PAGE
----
Miniaturizing My Arduino UNO Project

i built a simple circuit w/ a vibration sensor (signal, ground, 5v) and an LED (anode, cathode)

  1. LED starts off.
  2. Trigger vibration sensor and the LED turns on.

I attached a picture for reference.

Please let me know how to make this into a small package for personal use and possibly low level production. For example, what’s the smallest Arduino board for use when only a few connections and pins like this are required?

Are there off the shelf ways of packaging this all up in a nice small container or will I need to 3d print my own container?

Any assistance is appreciated.

inventabuild: i built a simple circuit w/ a vibration sensor (signal, ground, 5v) and an LED (anode, cathode)

  1. LED starts off.
  2. Trigger vibration sensor and the LED turns on.

I attached a picture for reference.

Please let me know how to make this into a small package for personal use and possibly low level production. For example, what's the smallest Arduino board for use when only a few connections and pins like this are required?

Are there off the shelf ways of packaging this all up in a nice small container or will I need to 3d print my own container?

Any assistance is appreciated.

For something small I use a Nano and solder the wires I need directly to the board.

Please use an internet search for plastic enclosures. No one here can imagine what you are thinking for your project.

Paul

Great and thank you, the nano should work. If you're aware of any quick tutorials or YouTube videos on how to solder to the nano board please let me know.

I'm sure solder tip size, diameter of solder, size of wire, etc can make a big difference. This will be my first time soldering to a board. Thank you.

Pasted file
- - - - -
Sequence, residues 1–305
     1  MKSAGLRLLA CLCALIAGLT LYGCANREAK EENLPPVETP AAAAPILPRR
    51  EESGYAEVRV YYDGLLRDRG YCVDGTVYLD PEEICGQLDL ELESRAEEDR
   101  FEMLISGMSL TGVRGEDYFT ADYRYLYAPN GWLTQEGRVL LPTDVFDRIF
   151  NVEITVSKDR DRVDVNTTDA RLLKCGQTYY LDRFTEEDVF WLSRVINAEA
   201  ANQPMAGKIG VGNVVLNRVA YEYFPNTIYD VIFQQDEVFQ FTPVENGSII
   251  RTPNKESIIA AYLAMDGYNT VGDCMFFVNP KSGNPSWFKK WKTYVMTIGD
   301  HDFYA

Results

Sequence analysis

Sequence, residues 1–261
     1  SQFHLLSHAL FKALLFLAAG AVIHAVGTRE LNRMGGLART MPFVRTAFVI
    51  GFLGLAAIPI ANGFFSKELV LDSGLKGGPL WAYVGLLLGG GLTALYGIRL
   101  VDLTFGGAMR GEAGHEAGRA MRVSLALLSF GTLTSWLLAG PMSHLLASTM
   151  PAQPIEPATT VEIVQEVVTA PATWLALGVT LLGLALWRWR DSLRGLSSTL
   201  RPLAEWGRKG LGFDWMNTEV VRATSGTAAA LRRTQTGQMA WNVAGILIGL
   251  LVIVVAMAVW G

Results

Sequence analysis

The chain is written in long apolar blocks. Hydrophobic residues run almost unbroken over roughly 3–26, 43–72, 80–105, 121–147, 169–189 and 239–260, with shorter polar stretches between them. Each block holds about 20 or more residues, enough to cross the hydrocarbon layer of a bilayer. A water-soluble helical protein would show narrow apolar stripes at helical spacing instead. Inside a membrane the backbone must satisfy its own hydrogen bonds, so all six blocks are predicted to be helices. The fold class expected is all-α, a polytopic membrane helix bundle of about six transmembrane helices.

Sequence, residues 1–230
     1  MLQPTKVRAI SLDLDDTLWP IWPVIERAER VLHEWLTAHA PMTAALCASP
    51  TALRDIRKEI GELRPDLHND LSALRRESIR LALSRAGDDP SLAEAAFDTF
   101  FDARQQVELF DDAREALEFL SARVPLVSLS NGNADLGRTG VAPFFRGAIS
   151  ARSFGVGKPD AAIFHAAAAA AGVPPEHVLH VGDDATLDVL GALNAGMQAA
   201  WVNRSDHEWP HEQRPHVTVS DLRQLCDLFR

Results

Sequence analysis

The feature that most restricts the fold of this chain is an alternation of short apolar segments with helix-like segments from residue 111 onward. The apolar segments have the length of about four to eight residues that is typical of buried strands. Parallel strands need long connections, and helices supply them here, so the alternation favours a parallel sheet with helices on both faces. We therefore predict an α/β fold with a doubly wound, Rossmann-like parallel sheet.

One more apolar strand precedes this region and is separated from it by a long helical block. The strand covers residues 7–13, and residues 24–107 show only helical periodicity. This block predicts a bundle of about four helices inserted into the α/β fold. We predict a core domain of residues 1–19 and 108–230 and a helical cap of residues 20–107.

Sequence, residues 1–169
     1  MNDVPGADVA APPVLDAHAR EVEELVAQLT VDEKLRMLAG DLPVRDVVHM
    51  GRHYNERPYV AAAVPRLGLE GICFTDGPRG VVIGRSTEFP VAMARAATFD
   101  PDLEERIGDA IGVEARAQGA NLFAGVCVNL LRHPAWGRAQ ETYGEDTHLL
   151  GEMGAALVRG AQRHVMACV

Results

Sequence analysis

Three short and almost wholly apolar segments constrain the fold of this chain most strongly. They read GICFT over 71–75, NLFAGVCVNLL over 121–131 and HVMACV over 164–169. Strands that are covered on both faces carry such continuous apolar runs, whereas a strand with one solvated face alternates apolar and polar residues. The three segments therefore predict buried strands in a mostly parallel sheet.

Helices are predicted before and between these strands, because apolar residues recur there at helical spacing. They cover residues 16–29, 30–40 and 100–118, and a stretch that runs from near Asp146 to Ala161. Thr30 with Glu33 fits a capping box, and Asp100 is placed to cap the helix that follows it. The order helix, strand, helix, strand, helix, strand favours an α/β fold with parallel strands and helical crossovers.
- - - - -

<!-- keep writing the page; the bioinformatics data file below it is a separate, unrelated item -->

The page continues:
I don't know which country you are in, but lead based solder is the easiest to learn with. Best is "flux core" solder, 63/37 percent mix lead/tin. And the smallest diameter you can find, in the beginning.

Wire size is the smallest multi-strand wire that is tinned, meaning it is coated with solder or tin. That makes it easier to solder to. The wire needs to be quite flexible.

I don't know about video solder training, but they are likely available.

Paul

A Wemos D1 mini is even smaller than a Nano!

https://nl.aliexpress.com/item/32633763949.html?src=google&src=google&albch=shopping&acnt=494-037-6276&isdl=y&slnk=&plac=&mtctp=&albbt=Google_7_shopping&aff_platform=google&aff_short_key=UneMJZVf&&albagn=888888&albcp=6459980570&albag=76980386066&trgt=743612850714&crea=nl32633763949&netw=u&device=c&gclid=Cj0KCQiAxrbwBRCoARIsABEc9shg0j5obRlUymOcq-9zmKq5-3LOkMIOQpsOYUGBFGOnLcccfmtUvEQaAlEZEALw_wcB&gclsrc=aw.ds

You will probably hardly becomes tinier than that:

Here it is an Arduino ProMini and directly underneath a USB UART.

The most bulky parts in every project is usually the cables.

Here you just don't need any.

I have assumed, that your project finally needs a USB connection.
If it does not, the Pro-Mini is still the best choice, just use it without the USB UART, it will be even tinier.
And it will consume far less power, since the most power is required by the USB chip.

you can pull out the chip(atmega328pu),put it on the breadboard, and then connect two capacity and one oscillator,it can work.
you can look for some data about minimum system。